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Faculty for Biology, Chemistry, and Earth Sciences

Experimental Biogeochemistry - Prof. Dr. Martin Obst

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Biogeochemistry on the micro scale

OB 362/4-1

From 12/2016 to 09/2020

Principal Investigator: Martin Obst
Staff: Pablo Ingino, Christian Jost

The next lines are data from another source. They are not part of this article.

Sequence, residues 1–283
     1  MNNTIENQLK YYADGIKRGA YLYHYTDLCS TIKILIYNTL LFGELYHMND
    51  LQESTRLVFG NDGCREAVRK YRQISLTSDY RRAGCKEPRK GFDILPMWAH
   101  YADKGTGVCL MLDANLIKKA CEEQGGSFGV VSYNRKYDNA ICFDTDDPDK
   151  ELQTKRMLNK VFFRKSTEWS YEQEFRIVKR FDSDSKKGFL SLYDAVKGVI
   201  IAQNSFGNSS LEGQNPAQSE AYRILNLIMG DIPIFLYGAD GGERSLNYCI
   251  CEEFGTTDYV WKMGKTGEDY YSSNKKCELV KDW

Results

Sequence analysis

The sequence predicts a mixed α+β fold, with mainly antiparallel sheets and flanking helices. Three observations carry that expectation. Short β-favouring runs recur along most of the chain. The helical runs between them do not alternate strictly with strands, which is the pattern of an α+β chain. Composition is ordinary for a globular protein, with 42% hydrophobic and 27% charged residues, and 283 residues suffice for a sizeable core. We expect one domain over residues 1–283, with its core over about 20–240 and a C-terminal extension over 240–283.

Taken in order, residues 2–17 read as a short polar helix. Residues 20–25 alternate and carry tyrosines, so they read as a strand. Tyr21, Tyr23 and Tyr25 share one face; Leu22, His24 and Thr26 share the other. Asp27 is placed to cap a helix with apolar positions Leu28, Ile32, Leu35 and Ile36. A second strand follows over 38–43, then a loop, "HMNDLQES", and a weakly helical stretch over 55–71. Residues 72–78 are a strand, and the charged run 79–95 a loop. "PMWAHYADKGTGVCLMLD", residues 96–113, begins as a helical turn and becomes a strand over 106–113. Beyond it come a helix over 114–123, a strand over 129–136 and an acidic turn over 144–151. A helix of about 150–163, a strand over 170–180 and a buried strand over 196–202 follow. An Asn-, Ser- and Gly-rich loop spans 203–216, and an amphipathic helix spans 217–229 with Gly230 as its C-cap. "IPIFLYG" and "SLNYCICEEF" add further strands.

We observe reduction and oxidation processes in the environment that cannot be explained by classical geochemical models. Often reactions are coupled that - based on their individual chemical requirements - should not occur together. However, one fundamental aspect that often has not been considered, mostly due to limitations in our experimental possibilities, is the heterogeneity of environmental systems.Die development of innovative experimental approaches, in particular in the fields of synchrotron-based X-ray spectromicroscopy and lab-based in-situ approaches such as the coupling of environmentally sensitive fluorescence probes with confocal laser scanning microscopy now became promising tools to study such heterogeneities.In this project, the influence of structural and chemical sub-micron scale heterogeneity in redox-active biofilms on biogeochemical reactions will be studied systematically. It will focus on the coupling between different redox-cycles (Fe, Mn, S) that - based on the macroscopic conditions - should not occur. The influence of these couplings on nutrient and contaminant cycling will be studied. In addition to studying natural and artificial biofilms, microfluidic model systems will help to gain a fundamental understanding of the underlying processes under controlled laboratory conditions.The goals of this project are: 1) to characterize and parameterize both structural and chemical heterogeneities of redox-active biofilms at the micro-scale. This includes the organochemical composition (e.g. redox-active functional groups), inorganic constituents and chemical conditions with a focus on Fe, Mn and S species. 2) to identify, to map and to quantify biogeochemical processes that occur in micro-niches, including the adsorption of nutrients or contaminants, mineral-precipitation and -dissolution, but also electron transfer reactions between the different constituents of the biofilm. 3) to prove experimentally whether micro-scale heterogeneities can result in the same phenomena as temporal fluctuations, e.g. fluctuations in water levels. 4) to identify individual parameters (i.e. pH, potential, metal concentrations, redox potential) that could induce the previously described structural and chemical heterogeneities. 5) to characterize the organochemical composition of microbial exopolymers to study their potential for electron conductance and for acting as redox-buffer systems. 6) to assess the importance of the previously determined reactions in microenvironments on the macroscopic scale.

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